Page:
To understand the difference between disaster recovery and backups, let’s unpack what backups are and how to use them. Backups serve to recover data after a loss, usually due to deletion or corruption. 70% of businesses have experienced, or will experience, data loss due to deletion, disk or system failure, viruses, fire, or some other disaster (2). As we mentioned earlier, almost half of all businesses use more than one form of backup solution. That makes sense. You want to backup critical applications and data more completely and frequently than less essential data. Plus, a lot of the systems you use are likely already backed up on the cloud (Office 365, Google Docs, etc.), and may not require additional backups.
It is important, though, to have a strategy behind what you choose to backup and how you do it. We recommend creating a written policy document that lays out where your applications – every application – is backed up, the cadence of backups, the lifecycle operations calendar, retention spans, encryption, storage, testing, stacking, and access. To find out more and use our free data backup policy template, check out A Data Backup Policy Template And Strategy For Your Business.
Create A Disaster Recovery Plan
If you recall, the difference between disaster recovery and backups is about strategy versus solution. A DR plan is strategic and encompasses a whole philosophy of thinking. Creating a disaster recovery plan is dependent on completing a risk assessment and business impact analysis that will help you identify critical applications and IT services. Then, you can create your RTOs and RPOs based on your unique environment. Only after completing these initial steps should you begin the process of developing a disaster recovery plan that includes both prevention and response protocols.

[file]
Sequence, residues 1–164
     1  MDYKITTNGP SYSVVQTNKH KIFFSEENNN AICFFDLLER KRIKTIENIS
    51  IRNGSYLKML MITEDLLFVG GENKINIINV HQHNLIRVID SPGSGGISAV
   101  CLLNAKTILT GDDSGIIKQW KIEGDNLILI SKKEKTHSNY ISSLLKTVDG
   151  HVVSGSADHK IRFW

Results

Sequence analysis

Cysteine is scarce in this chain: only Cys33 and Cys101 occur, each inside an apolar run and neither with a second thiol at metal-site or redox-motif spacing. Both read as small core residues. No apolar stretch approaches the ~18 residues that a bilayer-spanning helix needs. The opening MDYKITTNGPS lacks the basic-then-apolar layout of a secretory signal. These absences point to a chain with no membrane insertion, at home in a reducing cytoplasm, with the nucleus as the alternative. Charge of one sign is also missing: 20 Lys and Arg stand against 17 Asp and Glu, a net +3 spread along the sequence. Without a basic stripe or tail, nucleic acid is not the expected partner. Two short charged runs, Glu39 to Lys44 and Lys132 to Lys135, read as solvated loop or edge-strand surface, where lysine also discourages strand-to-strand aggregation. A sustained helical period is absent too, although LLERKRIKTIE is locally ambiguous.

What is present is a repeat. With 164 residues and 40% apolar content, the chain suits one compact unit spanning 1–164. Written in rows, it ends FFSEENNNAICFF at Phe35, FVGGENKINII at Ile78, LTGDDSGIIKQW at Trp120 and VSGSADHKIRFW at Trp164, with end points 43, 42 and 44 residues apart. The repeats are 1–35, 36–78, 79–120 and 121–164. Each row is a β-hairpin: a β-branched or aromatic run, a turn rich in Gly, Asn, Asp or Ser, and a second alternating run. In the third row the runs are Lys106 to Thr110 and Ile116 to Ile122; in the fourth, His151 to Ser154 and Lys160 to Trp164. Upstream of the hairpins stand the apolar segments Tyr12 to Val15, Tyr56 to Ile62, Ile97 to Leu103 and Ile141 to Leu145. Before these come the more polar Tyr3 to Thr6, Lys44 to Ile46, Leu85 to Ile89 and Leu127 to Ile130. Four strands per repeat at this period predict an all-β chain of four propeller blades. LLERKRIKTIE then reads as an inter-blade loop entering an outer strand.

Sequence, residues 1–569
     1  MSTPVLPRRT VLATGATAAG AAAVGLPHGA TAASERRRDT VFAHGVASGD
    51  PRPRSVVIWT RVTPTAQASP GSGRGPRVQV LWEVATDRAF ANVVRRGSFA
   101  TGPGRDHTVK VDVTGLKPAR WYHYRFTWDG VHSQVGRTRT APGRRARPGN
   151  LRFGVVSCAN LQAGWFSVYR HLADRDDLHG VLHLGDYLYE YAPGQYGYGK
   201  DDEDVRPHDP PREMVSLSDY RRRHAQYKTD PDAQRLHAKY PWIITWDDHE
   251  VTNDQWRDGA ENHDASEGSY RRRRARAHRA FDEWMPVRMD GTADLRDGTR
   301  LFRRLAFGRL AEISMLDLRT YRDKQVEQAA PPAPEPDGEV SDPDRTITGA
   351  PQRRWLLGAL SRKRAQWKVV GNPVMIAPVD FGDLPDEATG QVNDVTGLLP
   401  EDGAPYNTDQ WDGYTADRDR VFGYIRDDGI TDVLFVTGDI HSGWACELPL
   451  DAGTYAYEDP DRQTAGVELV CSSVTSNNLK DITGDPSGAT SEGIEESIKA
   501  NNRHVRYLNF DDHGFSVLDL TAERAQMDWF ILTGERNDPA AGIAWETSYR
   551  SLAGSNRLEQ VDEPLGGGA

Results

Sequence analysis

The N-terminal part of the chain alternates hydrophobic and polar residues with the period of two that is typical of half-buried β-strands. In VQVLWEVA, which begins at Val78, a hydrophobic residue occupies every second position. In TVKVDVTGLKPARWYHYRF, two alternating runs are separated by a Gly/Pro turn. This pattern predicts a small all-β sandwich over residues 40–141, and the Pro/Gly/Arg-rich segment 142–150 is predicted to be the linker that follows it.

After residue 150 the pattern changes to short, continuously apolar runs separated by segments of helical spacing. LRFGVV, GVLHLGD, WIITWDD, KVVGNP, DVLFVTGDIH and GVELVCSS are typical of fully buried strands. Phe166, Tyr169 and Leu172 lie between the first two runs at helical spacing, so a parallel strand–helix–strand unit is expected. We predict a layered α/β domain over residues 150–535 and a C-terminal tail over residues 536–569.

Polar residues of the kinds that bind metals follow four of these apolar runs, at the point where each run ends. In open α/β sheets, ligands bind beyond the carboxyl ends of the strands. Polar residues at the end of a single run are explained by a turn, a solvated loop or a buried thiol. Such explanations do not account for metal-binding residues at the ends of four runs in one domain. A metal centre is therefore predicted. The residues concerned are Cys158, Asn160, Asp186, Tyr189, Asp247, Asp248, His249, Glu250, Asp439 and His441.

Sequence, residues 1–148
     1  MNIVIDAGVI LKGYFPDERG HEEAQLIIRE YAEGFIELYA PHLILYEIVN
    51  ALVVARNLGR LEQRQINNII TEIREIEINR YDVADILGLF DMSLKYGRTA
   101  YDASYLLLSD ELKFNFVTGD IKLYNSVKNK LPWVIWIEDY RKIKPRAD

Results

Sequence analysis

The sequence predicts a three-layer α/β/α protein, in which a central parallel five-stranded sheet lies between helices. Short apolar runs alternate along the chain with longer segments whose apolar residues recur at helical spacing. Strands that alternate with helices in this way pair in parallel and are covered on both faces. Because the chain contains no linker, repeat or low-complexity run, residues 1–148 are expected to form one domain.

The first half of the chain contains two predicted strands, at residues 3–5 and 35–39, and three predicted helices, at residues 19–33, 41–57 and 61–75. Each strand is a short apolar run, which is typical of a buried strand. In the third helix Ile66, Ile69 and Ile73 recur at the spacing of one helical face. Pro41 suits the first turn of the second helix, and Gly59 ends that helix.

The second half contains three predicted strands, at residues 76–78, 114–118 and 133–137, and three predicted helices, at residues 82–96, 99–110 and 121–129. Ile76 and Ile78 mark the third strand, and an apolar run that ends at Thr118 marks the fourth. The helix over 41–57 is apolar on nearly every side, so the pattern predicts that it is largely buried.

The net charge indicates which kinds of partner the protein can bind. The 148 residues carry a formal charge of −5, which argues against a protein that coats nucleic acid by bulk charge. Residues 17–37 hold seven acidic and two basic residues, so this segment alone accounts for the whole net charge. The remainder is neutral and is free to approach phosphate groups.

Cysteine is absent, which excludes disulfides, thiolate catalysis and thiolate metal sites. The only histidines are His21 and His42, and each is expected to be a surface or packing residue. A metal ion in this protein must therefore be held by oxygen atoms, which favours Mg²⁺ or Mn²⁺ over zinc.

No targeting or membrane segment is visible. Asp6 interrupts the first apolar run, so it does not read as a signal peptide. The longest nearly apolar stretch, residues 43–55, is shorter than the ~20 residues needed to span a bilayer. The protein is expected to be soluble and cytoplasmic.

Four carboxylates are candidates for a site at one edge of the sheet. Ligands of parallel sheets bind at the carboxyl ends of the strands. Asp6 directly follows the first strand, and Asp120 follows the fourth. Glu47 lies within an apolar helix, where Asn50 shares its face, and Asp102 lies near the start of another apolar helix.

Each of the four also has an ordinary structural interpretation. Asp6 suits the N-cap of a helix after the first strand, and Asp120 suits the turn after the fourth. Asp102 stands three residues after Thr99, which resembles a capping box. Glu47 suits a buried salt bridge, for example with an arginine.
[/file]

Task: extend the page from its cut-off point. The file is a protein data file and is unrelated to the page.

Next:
We’ve written extensively about how to create a DR plan that is cost-effective and meets your mission-critical needs. Click here for more information on how to write a disaster recovery strategy.
Leverage The Difference Between Disaster Recovery And Backups
The difference between disaster recovery and backups may be clear, but the next step is to leverage those differences to develop a comprehensive DR strategy that includes an effective backup policy, disaster prevention strategies, and response protocols.
Remember, 90% of businesses without a DR plan fail after a disaster. Be prepared by creating a disaster recovery strategy before disaster strikes. Mindsight can help by providing critical assessments, creating and managing a disaster recovery plan, and monitoring your systems for disaster events, both internal and external.
Contact us today to discuss how to implement a disaster recovery strategy that involves a managed backup plan.
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About The Author
Siobhan Climer, Science and Technology Writer for Mindsight, writes about technology trends in education, healthcare, and business. She previously taught STEM programs in elementary classrooms and museums, and writes extensively about cybersecurity, disaster recovery, cloud services, backups, data storage, network infrastructure, and the contact center. When she’s not writing tech, she’s writing fantasy, gardening, and exploring the world with her twin two-year old daughters. Find her on twitter @techtalksio.